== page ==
How we unconsciously condition dogs, positively and negatively.
Switching to conscious conditioning.
UNIT 8. THE D WORD
How until recently it was thought that dogs needed to be dominated, as
Do dogs really display dominant
The pitfalls of aggressively dominating a dog: creating fear and aggression instead of trust.
The rules of guardianship.
Human leadership: the cloak of confidence.
Why dogs don’t comply.
How to persuade a dog to want to follow your wishes.
UNIT 9. WHAT IS NORMAL?
Why dogs jump up, roll on their backs, bark, bite, play-fight, chew, sniff rear ends, throw toys in the air, pull on the lead, bark at the postman, chase, eat grass.
Although much of the dog
UNIT 10. TOP DOG AND UNDERDOG
There is a great deal of difference between much-confused dominance, confidence
Why some dogs are more confident than others.
The top dog.
What happens when a dog’s status changes?
Defusing tension between dogs.
Teaching the dog to relax and trust.
Caring firmness and consistency as vital traits to be developed in dog owners.
UNIT 11. STAGES OF LIFE
Puppyhood; toilet training; nipping; bothering other dogs.
Hormones: testosterone; oestrogen; progesterone.
Pregnancy and birth; postpartum.
Life stages: the neonatal period; the juvenile period; the adolescent period; maturity; old age.
Supporting elderly dogs.
UNIT 12. EMOTIONAL ISSUES
Do dogs experience a similar emotional life to people?
Addressing emotional issues.
The main emotional problems which can affect dogs, with signs and guidelines for each: Fear; food aggression; fear-aggression; dog to dog fear-aggression; dog to human aggression; anger; nervousness and anxiety; depression; grief; case histories for grief; jealousy; hyperactivity; hyperkinesis; obsessiveness.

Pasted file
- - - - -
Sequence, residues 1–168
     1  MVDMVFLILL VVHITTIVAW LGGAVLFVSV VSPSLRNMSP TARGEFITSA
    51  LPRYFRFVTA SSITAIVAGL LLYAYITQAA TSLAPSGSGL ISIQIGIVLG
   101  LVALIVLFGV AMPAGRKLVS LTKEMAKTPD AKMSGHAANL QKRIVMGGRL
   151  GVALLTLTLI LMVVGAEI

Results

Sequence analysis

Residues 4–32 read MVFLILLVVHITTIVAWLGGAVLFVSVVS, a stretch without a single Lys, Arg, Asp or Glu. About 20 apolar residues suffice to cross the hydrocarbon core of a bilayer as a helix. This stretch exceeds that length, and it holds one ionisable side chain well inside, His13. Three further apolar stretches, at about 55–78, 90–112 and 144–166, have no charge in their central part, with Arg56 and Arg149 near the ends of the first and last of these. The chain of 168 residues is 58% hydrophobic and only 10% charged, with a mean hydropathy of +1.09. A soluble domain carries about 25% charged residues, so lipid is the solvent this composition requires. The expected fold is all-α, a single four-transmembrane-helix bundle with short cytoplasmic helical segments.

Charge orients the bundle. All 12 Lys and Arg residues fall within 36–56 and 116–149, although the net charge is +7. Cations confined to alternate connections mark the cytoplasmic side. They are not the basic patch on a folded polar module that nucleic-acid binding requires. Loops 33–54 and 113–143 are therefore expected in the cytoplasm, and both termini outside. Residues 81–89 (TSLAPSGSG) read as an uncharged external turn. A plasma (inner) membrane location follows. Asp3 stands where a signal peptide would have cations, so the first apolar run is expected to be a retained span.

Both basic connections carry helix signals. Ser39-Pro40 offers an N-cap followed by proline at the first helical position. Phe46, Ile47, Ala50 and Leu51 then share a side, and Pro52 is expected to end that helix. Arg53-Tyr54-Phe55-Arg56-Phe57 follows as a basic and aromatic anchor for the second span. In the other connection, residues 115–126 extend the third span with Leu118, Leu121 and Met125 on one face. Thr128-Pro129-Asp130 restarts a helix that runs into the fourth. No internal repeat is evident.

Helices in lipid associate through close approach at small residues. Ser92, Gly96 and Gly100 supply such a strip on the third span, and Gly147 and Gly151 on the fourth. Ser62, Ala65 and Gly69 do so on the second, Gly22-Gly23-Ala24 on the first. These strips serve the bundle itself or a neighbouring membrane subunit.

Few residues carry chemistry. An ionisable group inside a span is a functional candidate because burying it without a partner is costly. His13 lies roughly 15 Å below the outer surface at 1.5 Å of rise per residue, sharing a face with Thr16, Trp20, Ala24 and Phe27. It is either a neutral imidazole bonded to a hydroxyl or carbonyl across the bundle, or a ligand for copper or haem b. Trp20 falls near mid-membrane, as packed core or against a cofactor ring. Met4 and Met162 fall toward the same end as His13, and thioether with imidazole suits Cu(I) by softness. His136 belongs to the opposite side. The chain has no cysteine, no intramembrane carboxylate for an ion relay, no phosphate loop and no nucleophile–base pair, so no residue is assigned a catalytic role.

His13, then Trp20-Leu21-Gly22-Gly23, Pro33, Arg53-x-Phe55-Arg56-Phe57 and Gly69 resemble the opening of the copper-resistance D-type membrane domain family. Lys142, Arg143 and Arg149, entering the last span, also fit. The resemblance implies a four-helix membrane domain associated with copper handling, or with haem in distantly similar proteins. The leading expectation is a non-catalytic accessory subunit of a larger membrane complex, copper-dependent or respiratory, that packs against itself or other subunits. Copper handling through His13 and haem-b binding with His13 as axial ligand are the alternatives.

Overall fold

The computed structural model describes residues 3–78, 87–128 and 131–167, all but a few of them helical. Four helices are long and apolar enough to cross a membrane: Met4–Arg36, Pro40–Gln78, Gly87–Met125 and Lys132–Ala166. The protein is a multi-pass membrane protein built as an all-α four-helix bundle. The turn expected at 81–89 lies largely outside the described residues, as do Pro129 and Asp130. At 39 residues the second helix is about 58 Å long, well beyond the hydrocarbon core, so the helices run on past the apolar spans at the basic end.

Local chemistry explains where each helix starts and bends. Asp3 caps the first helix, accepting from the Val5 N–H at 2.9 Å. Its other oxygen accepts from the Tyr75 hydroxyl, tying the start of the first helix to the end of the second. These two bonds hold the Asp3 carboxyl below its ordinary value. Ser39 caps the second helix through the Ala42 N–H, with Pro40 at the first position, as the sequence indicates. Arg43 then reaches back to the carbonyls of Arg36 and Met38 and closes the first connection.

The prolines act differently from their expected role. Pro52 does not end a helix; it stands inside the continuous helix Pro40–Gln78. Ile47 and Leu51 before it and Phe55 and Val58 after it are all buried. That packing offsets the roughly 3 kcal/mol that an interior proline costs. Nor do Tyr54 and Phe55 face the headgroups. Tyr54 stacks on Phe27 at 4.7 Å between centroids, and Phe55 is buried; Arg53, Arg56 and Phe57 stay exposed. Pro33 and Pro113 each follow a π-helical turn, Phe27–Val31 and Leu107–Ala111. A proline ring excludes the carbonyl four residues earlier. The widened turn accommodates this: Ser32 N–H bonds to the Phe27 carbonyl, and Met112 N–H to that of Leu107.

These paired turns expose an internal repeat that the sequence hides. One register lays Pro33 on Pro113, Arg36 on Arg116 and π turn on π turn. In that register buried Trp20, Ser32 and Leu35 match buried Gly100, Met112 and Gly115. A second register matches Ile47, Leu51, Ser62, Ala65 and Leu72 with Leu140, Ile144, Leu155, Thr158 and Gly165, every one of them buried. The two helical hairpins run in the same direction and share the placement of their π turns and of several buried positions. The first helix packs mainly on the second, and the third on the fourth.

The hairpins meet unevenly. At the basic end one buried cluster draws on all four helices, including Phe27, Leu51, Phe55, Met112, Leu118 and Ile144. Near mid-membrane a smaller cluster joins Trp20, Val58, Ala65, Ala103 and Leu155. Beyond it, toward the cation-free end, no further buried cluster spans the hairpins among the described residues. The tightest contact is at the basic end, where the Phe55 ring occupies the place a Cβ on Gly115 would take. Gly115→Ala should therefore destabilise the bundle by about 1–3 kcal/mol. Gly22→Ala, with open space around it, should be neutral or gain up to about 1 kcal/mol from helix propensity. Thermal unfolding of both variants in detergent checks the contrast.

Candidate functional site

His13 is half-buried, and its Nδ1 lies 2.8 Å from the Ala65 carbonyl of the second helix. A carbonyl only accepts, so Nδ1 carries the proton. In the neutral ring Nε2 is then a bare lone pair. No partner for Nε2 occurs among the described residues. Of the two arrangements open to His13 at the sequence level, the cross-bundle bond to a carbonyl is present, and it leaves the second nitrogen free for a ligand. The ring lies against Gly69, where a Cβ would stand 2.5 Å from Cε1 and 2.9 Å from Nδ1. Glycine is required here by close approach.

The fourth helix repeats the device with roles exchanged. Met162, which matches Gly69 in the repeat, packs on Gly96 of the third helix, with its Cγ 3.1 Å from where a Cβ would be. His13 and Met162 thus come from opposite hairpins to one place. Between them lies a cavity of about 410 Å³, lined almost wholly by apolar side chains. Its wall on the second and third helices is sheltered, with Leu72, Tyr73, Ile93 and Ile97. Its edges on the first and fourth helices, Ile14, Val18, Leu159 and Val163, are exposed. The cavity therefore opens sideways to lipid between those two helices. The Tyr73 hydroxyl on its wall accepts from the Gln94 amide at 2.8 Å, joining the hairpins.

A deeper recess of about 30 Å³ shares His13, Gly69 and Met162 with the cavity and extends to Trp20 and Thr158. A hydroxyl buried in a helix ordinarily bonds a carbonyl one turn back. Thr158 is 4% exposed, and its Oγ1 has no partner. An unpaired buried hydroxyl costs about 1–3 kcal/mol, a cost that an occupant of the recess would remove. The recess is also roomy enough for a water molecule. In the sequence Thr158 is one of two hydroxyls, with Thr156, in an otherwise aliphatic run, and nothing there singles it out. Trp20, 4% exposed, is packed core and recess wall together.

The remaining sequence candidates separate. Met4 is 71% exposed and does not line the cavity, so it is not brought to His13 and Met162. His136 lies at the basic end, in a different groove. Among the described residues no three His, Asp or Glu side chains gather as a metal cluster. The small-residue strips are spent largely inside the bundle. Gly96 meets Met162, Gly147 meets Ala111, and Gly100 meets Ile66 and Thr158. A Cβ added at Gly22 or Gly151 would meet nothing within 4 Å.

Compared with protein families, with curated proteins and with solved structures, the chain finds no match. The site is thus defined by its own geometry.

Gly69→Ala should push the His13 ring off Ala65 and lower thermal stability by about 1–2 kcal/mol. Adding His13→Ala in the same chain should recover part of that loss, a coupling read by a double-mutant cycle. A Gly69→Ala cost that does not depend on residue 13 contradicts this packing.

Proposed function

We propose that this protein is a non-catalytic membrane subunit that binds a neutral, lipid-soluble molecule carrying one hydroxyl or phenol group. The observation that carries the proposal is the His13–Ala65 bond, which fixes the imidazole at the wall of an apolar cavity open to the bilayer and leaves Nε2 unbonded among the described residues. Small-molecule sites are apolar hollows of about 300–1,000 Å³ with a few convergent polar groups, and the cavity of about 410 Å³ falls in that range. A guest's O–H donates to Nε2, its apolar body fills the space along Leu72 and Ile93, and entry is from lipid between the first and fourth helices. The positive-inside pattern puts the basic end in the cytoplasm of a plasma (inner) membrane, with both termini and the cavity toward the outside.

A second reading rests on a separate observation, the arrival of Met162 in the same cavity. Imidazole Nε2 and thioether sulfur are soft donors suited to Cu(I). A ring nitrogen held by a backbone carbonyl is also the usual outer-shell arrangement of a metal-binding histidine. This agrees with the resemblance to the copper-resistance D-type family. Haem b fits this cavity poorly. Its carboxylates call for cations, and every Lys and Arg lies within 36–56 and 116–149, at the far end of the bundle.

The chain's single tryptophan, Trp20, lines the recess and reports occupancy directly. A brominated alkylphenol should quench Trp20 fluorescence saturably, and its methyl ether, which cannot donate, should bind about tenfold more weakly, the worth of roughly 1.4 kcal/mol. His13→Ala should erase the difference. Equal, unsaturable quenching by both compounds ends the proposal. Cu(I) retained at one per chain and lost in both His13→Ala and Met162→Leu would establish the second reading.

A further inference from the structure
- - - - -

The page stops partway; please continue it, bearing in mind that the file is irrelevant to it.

Case history; excessive attachment.
Is the emotional or physical environment causing emotional issues?
Terms used in
UNIT 13. MEDICATION AND COMPLEMENTARY THERAPIES
The dog’s need for reassurance and compassion.
A whole entity rather than a collection of symptoms.
A brief look at the medication groups and some of the complementary therapies which can be helpful in tandem with
UNIT 14. RESCUE DOGS
Life in kennels.
A new home.
Step by careful step – how to ease the settling in process.
The dog’s perspective.
The differences between adoption, giving a permanent home, fostering, and sponsor fostering.
UNIT 15. OLD AGE AND BEREAVEMENT
Contributing factors to
Living with an elderly dog.
Maintaining health; exercise; diet; health conditions;
Canine Cognitive Dysfunction.
The hardest decision.
Letting go; what you can do.
An end, a new beginning.
UNIT 16. DOGS AND THE LAW
The important laws to be aware of concerning dogs and their breeders and owners.
A description of the Dangerous Dogs Act 1991 and the Dangerous Dogs Act 1871, with the 2014 amendments.
Breed Specific Legislation.
UNIT 17. PREPARING TO WRITE YOUR THESIS
The two styles of options you can choose from for your final thesis.
APPENDIX 1. YOUR CAREER AS A CANINE BEHAVIOUR PRACTITIONER